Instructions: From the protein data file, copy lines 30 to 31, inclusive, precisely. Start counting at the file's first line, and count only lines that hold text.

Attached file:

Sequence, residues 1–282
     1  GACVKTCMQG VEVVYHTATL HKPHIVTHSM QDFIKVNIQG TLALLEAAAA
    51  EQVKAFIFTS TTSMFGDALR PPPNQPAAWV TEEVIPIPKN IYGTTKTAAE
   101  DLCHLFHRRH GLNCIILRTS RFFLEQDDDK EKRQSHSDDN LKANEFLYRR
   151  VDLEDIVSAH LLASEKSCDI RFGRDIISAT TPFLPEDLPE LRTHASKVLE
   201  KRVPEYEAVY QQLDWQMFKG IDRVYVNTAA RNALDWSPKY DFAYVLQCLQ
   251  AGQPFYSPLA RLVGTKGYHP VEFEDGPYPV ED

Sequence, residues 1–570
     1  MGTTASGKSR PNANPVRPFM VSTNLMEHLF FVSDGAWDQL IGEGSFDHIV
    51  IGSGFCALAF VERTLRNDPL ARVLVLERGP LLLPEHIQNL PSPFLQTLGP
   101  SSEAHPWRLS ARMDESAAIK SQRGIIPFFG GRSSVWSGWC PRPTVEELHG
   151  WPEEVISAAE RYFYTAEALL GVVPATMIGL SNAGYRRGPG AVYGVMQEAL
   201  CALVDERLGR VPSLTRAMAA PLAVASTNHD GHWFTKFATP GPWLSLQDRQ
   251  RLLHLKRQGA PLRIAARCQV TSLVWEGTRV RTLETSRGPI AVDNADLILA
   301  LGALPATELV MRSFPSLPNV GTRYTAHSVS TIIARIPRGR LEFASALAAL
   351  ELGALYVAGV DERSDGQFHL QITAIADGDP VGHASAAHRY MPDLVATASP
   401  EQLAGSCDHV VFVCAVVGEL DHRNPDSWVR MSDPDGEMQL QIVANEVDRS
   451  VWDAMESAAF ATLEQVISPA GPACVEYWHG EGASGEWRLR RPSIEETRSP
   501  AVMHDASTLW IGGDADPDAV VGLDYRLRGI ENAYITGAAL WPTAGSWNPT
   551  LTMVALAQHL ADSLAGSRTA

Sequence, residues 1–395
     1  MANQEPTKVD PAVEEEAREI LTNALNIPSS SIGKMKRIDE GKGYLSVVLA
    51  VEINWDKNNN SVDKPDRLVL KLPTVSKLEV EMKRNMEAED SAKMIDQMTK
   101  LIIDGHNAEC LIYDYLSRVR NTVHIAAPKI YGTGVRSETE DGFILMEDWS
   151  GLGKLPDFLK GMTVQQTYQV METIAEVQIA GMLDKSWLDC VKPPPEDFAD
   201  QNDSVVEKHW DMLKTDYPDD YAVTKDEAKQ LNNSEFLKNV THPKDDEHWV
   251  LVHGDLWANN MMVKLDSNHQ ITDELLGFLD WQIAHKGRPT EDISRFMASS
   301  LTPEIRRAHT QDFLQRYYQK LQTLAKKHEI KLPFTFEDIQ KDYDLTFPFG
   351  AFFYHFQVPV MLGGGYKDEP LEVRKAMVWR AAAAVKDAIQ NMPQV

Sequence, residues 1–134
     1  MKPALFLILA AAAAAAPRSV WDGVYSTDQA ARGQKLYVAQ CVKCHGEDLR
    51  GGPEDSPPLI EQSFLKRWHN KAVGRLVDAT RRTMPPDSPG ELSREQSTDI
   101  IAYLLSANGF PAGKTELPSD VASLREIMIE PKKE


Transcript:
Sequence, residues 1–134
     1  MKPALFLILA AAAAAAPRSV WDGVYSTDQA ARGQKLYVAQ CVKCHGEDLR